Hysteroscopy

A hysteroscopy is an examination of the inside of the womb (uterus). This is done using the hysteroscope, a narrow telescope about the size of a drinking straw, which can be passed through the cervix (neck of the womb) so that the gynaecologist can see into the uterus. Sometimes a tiny video camera will be fitted over the eye piece of the hysteroscope so that the view can be seen on a video screen by the doctor and the assistant, and by the patient if she is awake and wants to see this.

Diagnostic Hysteroscopy

This is the use of hysteroscopy to determine the cause of a gynaecological problem. This examination may be done if the uterine problems are suspected because of:

  • Heavy or Irregular Periods
  • Postmenopausal Bleeding
  • Infertility
  • Recurrent Miscarriage
  • Unexplained Pain
  • Fibroids

Hysteroscopy may also be performed:

  • To check the results of uterine surgery
  • To check or remove an intrauterine contraceptive device

How is a hysteroscopy done?

Hysteroscopy takes only a few minutes and will be performed without general anaesthetic. Local anaesthetic may be injected into the cervix, but for many women who have had children, this is not necessary. With the use of local anaesthetic some period-type cramps may be experienced. The examination is performed with the woman lying on her back with her legs apart. A speculum, an instrument used for keeping the walls of the vagina apart to allow the cervix to be seen is used. If local anaesthesia is used, it is then injected into the cervix. The cervical opening is gently stretched and the telescope passed through. Usually carbon dioxide gas (or sometimes liquid) is passed through the hysteroscope to distend the uterine cavity a little so that it is possible to see. Without this their front wall sits against the back wall of the uterus, and nothing can be seen.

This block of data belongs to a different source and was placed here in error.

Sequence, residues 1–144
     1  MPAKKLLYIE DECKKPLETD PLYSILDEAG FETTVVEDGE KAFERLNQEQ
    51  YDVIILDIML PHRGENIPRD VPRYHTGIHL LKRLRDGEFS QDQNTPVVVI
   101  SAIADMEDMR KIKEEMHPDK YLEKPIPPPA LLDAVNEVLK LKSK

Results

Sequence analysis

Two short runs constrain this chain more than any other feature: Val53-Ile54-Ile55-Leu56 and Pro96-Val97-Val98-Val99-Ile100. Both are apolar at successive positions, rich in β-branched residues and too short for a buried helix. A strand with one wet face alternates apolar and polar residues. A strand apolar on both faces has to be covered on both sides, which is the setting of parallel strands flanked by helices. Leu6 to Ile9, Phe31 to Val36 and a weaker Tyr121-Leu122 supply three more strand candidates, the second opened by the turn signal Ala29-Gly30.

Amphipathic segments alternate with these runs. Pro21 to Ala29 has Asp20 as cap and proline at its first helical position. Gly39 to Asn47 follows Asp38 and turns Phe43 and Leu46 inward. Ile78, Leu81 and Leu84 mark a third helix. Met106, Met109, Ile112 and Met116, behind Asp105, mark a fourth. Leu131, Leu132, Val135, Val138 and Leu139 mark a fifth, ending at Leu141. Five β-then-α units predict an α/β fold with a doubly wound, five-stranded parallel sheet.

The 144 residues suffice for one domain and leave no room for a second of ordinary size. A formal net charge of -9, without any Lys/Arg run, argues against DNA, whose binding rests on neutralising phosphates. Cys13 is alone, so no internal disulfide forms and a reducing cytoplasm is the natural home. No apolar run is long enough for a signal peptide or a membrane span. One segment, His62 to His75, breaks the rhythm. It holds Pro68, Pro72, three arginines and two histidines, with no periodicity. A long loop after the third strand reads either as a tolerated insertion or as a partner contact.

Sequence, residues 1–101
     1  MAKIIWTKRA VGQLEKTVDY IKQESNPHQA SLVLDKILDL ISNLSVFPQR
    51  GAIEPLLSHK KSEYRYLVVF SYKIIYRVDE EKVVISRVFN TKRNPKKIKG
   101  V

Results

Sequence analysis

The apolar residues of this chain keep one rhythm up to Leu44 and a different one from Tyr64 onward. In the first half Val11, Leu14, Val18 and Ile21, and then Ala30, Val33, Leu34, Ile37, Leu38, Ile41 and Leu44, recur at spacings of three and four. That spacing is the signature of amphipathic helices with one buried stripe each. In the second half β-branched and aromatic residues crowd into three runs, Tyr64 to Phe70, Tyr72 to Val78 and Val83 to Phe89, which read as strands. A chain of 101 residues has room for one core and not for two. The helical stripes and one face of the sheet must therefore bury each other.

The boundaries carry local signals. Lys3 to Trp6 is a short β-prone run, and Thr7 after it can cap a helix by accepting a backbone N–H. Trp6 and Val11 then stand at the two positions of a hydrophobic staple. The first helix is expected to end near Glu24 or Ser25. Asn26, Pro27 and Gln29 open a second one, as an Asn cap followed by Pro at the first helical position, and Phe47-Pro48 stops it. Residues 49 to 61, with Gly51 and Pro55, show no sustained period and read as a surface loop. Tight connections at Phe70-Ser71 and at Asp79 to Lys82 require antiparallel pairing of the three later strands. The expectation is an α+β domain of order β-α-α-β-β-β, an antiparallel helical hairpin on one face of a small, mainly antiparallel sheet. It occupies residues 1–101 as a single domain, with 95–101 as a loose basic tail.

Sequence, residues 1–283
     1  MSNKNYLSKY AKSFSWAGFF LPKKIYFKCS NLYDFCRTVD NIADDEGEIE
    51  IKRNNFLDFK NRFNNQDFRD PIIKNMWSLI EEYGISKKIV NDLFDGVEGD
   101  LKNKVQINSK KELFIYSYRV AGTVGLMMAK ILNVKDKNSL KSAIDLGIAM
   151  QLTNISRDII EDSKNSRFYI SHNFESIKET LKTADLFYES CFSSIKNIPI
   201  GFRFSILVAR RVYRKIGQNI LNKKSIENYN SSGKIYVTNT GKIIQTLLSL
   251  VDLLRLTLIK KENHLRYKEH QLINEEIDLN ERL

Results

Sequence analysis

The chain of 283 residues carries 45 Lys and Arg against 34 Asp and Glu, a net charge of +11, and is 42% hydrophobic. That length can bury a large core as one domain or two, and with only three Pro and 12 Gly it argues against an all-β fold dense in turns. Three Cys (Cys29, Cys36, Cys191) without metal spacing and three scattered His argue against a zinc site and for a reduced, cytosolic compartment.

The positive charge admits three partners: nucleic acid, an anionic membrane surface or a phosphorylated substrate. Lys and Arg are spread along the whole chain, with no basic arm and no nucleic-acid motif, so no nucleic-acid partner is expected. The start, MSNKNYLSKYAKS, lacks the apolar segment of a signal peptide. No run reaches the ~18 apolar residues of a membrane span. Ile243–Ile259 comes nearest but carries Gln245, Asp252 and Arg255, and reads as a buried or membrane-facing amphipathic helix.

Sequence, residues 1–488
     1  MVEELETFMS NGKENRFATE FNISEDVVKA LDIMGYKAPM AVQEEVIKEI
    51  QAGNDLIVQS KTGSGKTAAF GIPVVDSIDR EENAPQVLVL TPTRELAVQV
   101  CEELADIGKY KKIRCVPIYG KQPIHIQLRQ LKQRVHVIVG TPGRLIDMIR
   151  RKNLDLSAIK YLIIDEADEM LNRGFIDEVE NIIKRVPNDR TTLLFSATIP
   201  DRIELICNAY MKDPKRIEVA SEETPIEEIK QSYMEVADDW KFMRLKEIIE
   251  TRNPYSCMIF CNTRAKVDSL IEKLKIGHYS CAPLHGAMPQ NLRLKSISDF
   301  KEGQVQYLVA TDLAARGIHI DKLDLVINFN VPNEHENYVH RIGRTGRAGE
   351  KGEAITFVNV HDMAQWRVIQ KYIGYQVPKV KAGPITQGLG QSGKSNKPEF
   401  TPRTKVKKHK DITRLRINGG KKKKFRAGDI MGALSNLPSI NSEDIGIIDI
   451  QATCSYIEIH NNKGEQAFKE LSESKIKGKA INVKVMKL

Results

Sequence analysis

The shape of the uterine cavity and any irregularities can be seen, as well as the openings of the fallopian tubes and the type of uterine lining. A tissue sample (biopsy) may be taken for examination in a laboratory if necessary.

After the hysteroscopy

It is quite common to need simple pain relief and to have some vaginal bleeding for a couple of days after the hysteroscopy.

Risks

Diagnostic hysteroscopy is a very minor procedure and the risk of serious complication is extremely small. It should not be done if the woman is pregnant or has an infection.